That’s one of the hard things about being a parent. It doesn’t matter what emotions are in your own heart, your kids’ needs come first. They feared bees, I feared something more tragic and scary. They feared the physical pain of stingers, I feared losing one or both of them. Clearly, my fears trump theirs – but that is irrelevant. I held them. Their fears are real, and deep, and tragic.

At their ages, they could never understand the depth of my love for them. My Smiling Son and I have a little bedtime ritual. He tries to one-up me on how much he loves me more than I love him. I love his confidence and enthusiasm as he tries to show me how much he loves me. It’s a form of worship really. But, without crushing his spirit, I can never let him win this game.

First, he doesn’t understand, really, the depth of love we are really talking about. Second, he can never love me more. And finally, the stakes are high – our kids have to know the depth of our love for them. They have to know that our love is a nearly bottomless pit.

As we walked back to the farm-house, the kids shared their stories of the “hundreds and millions of bees” that attacked them. We two Dads, just held them, listened, and thanked God for the opportunity to still hold our kids.

The kids have been sleeping with us due to the flu and all the changes lately. Last night my son had a 102° f temperature and was feeling really miserable. About 2am, I rolled over and put my hand on his chest – partly diagnostic, partly to comfort. As a paramedic, I’m attuned to temperature, skin condition, and breathing. But what I found disturbed me.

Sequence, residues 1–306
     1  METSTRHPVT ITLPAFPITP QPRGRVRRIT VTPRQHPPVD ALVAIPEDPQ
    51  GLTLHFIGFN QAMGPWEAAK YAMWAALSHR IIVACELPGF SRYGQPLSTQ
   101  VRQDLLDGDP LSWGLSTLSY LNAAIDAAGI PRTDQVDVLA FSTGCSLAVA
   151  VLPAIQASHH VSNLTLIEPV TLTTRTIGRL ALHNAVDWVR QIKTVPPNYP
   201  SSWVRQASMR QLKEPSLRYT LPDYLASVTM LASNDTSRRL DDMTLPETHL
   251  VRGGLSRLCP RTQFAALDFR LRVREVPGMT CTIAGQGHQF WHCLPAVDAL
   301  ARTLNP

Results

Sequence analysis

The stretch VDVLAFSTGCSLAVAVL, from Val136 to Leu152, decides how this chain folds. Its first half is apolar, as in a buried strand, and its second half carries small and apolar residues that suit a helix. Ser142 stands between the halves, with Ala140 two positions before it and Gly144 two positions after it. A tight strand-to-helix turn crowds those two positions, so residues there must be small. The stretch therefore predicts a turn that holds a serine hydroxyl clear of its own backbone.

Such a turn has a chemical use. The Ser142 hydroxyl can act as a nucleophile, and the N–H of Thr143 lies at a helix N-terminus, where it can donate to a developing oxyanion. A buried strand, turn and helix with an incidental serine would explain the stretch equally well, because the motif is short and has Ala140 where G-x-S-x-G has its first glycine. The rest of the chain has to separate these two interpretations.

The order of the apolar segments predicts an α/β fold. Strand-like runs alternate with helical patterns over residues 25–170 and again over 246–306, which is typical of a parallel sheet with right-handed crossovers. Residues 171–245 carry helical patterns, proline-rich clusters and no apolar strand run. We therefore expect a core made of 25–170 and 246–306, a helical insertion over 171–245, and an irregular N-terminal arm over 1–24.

I sat up awake. Smiling Son was motionless, and I didn’t sense he was breathing. I put my finger between his ribs, where I should be able to feel his heart beat. I felt nothing. I still couldn’t sense any breathing – nor could I hear him breathing. I grabbed his arm to feel his radial pulse. His arm was cool and lifeless – I was now fully awake and fully intent. I couldn’t feel a pulse in his wrist, but as my hand moved up to check his brachial pulse, he stirred and pulled his arm away.

Joy and relief shot through my body and then I was filled with a wave of nausea like I’ve never experienced before.

I hugged him close, kissed his forehead, and then fell asleep praying for my whole family.

Living on the edge is not easy. We are poor, unemployed, and living on the kindness of new friends. But we’ve never been at more peace. In retrospect, I would not change the course of the past several years. I still would not back down to those who think I should sacrifice my family for the sake of a mere career.